Finally, taking drugs is irresponsible. You don’t know where that money is going. Ultimately it may go to the Taliban who control the poppy-growing areas of Afghanistan, or the Mexican drugs cartels who kill hundreds of people in South America each year, or criminals involved in people trafficking and sex slavery. It might not, but some of it does, and the point is that you don’t know. You don’t know and you don’t care because you want your drugs. It may be argued that this is the fault of the drugs’ illegality – you wouldn’t have to buy them from unscrupulous people if they weren’t illegal. That may be true. But that doesn’t make it OK. That doesn’t make it OK not to care where the money goes. If the money from cigarettes went towards funding paedophiles, you’d expect people to say ‘Well I don’t want to fund that, even though I quite fancy a smoke’. I don’t see drugs as any different. Buying them and ignoring where that money goes, turning a blind eye to it because you want to have fun, is irresponsible.

    So there you go. I really disagree with taking drugs and, unfortunately, I think less of people who do it.

    You might think however that my vehement opposition to drugs means I don’t think they should be legalised. There you’d be wrong. The majority of drugs, with the possible exception of the most addictive ones, I think should be legalised because many of the problems I have with their consumption would go away if they were legal. Properly measured doses with a secure supply chain would mean you’d know what you were taking and could manage the risk to your health. You could still harm yourself, but you can drink yourself to death too – at least you’d reduce the chance of doing it by accident. Properly taxed drugs would also provide funds for the NHS, should you ultimately need treatment as a result of them. Drugs would then not be that different to our already taxed alcohol in that regard. And you’d know where the money you spend on them is going, rather than guessing, or hoping, or ignoring it.

    I’m therefore fairly liberal with regards to the legalisation of drugs. But that doesn’t mean it’s OK to take them while they’re illegal. Campaign for their legalisation if you want to, but if you take them in the meantime you’re putting your own pleasure above everything else. That’s selfish and irresponsible.


  4. Angshuss

    26 February 2015 by superlative

    Over the last couple of years I’ve developed a problem with anxiety. It only flares up occasionally, but the odd thing is that every time it hits me I seem to think “Oh, this is new. Where have I got this new problem with anxiety from?” If I look back at posts on this blog though, I can see that I’ve written about it a number of times, and described it in exactly the same way. Certain things set it off, usually around a loss of control or a lack of certainty, but the way I respond is always the same – I freak out, I feel sick, and I want to remove myself from whatever situation or decision that has brought it on. And then I get past it, and think it was the worst episode I’ve had so far. But who knows if it was? Every episode feels like the worst.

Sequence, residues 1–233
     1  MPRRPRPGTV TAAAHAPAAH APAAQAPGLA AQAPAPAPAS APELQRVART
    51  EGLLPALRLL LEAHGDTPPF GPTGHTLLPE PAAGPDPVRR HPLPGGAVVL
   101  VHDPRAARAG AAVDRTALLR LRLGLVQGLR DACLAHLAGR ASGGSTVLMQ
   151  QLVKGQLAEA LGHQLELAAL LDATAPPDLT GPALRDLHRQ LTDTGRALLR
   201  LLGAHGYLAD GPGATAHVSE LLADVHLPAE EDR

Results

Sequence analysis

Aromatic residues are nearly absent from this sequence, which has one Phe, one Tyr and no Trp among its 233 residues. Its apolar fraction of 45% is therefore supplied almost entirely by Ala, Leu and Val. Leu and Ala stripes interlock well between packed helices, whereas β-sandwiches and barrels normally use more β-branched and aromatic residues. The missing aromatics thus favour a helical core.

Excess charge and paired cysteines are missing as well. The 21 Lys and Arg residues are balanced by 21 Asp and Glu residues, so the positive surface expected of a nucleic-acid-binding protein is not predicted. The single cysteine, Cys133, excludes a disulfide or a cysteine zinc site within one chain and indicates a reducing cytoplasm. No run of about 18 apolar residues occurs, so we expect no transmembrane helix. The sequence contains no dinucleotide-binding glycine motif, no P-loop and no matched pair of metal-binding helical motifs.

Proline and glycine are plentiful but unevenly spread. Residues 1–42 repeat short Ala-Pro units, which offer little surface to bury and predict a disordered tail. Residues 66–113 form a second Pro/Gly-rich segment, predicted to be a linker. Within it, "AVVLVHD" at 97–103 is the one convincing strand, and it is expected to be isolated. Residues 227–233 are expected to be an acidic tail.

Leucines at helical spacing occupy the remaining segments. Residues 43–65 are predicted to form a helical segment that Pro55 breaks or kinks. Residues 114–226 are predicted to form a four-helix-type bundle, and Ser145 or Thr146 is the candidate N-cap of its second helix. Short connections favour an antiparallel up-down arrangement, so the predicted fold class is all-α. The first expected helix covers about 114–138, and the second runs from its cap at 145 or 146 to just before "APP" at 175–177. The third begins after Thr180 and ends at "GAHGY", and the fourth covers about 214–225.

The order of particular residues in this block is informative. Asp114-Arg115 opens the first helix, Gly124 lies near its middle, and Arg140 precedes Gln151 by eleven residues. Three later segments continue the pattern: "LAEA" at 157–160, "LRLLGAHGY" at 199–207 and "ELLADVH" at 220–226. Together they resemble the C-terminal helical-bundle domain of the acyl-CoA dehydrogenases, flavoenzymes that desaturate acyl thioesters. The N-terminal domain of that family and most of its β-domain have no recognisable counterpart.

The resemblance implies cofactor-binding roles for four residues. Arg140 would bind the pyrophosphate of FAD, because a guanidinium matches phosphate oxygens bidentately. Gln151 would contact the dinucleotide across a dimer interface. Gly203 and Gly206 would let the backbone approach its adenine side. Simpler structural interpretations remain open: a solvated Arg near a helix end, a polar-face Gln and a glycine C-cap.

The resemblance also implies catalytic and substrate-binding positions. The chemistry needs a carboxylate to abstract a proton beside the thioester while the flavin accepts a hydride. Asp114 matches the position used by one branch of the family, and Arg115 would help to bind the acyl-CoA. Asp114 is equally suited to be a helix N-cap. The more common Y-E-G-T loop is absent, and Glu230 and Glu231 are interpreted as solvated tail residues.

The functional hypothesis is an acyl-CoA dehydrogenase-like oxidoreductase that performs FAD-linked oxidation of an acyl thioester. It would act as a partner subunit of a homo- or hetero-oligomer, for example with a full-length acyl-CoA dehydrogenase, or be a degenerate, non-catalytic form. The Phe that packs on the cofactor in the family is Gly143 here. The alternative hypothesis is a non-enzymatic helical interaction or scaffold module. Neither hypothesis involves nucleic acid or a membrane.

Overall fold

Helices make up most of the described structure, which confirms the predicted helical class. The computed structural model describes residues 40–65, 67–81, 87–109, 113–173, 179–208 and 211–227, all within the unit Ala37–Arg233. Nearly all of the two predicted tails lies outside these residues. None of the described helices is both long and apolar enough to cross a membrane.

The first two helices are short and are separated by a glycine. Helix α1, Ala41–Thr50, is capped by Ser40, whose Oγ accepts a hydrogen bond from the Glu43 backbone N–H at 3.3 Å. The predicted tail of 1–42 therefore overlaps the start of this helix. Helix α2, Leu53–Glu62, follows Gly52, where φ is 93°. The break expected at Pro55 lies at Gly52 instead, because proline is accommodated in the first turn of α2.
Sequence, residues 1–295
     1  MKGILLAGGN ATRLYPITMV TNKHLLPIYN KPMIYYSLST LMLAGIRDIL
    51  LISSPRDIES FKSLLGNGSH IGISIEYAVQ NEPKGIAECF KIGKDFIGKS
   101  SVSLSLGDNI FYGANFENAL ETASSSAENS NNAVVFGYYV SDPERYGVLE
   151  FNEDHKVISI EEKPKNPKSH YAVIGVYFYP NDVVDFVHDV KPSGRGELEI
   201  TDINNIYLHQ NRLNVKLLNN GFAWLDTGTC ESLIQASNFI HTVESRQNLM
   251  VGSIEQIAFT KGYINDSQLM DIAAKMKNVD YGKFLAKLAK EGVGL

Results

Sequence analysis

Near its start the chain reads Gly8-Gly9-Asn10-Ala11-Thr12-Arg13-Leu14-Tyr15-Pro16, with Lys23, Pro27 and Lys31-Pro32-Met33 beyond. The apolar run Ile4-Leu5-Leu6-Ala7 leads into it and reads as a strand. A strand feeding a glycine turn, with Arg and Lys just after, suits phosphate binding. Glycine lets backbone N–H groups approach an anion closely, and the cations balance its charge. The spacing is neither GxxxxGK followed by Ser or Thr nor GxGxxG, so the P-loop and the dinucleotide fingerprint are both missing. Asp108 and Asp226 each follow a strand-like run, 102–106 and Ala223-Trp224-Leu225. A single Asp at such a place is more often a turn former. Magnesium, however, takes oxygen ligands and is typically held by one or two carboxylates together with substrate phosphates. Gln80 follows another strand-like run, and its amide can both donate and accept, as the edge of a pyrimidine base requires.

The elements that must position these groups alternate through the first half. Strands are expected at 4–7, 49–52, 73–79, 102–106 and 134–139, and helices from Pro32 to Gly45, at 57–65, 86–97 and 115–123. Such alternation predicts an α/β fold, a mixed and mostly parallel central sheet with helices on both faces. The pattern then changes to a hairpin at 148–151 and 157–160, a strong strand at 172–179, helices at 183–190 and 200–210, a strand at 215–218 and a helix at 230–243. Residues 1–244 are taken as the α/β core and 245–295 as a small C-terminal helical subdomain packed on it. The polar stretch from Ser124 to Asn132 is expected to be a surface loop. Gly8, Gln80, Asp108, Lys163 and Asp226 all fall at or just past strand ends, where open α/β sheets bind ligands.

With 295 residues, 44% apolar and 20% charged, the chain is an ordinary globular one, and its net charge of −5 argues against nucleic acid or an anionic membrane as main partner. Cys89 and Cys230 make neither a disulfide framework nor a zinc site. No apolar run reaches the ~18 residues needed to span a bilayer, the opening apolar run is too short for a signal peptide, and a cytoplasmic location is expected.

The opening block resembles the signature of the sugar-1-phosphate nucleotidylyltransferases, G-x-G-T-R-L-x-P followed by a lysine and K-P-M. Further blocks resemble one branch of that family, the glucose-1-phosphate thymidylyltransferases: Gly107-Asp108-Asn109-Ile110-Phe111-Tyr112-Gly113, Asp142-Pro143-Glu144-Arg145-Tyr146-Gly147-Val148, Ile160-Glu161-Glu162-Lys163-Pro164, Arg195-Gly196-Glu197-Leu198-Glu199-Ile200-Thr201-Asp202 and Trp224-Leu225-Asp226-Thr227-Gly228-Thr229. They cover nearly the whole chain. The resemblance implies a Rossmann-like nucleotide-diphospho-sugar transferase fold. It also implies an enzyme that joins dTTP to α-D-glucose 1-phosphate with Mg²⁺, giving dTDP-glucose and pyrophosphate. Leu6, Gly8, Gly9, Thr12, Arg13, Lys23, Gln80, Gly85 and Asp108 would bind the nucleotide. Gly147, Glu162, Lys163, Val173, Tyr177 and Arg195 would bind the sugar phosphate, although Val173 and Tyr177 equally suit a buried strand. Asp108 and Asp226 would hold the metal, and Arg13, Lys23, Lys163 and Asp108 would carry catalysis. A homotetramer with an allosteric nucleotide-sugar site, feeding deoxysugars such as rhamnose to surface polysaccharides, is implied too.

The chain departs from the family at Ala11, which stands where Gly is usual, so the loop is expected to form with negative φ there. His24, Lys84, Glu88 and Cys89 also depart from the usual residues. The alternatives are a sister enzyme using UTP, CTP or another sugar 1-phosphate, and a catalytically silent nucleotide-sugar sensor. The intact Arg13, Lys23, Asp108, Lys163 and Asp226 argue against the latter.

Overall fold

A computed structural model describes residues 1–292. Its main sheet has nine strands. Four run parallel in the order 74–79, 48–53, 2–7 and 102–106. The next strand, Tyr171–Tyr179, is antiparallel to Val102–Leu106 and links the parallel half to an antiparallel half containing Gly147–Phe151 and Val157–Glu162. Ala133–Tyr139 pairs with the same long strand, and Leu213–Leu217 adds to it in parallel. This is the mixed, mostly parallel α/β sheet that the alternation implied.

In the past I’ve had freak outs about starting new jobs, buying a new car, and buying a home. I haven’t had to do any of those for a while, so most recently it has been caused by travel to new places. Booking holidays is a fun thing to do, right? Everyone likes that. Choosing where you want to go, picking a hotel, booking flights. These are exciting things. Holidays are nice.

    NO. I don’t like it. It makes me feel sick. What if I choose badly? What if it’s horrible? What if it’s a bad hotel, or we get lost, or robbed, or stabbed, or it’s not a nice city? It’ll be a waste of money. I won’t like it. I’ll be trapped and I won’t be able to come home. I don’t want to book a holiday. I just want to stay at home where it’s safe. Or go somewhere that I know, where I can get on the right train without getting lost, and feel comfortable walking around the streets.

    I’m a freak. I don’t want never to go to any new places for the rest of my life. There are lots of places I’ve always said I’d love to visit, and I don’t want to deprive Chris of going and doing nice things. But it’s only fine in theory. As an abstract concept it sounds great, just as long as I don’t actually have to book it.

    Last week I freaked out because I didn’t want to go to Nice. To NICE. It’s almost definitely nice there, it’s in the name. Who doesn’t want to go to Nice? I wasn’t even paying, we’d been given some money to spend on a holiday. But no, I absolutely did not want to go, for no real reason, and it turned into a major thing.

    I don’t know what to do about it. I hate it when it happens, I hate myself for not being able to control it, and I don’t think it’s just going to go away. We’ve arranged to go to Madrid now instead, and I feel OK about that – the trip looked more manageable to me, the hotel has great reviews on Trip Advisor, and there’s a straightforward metro from the airport. It sounds OK. I can do Madrid. It was also a way of not going to Nice, which is illogical, but it helped somehow. Once I’ve been on a holiday and I’m back home safely again I can look back and say yes I enjoyed that. It’s just that I have to get through it first, which sounds so, so bizarre.

    Chris and my Mum think I should look into counselling or hypnotherapy or something. They’re probably right. I’m past the episode now though and once I’m back to normal again it never seems worth it. I don’t know. I hate it. I hate being weak and not in control of myself. I hate not liking myself, because normally I really do like myself.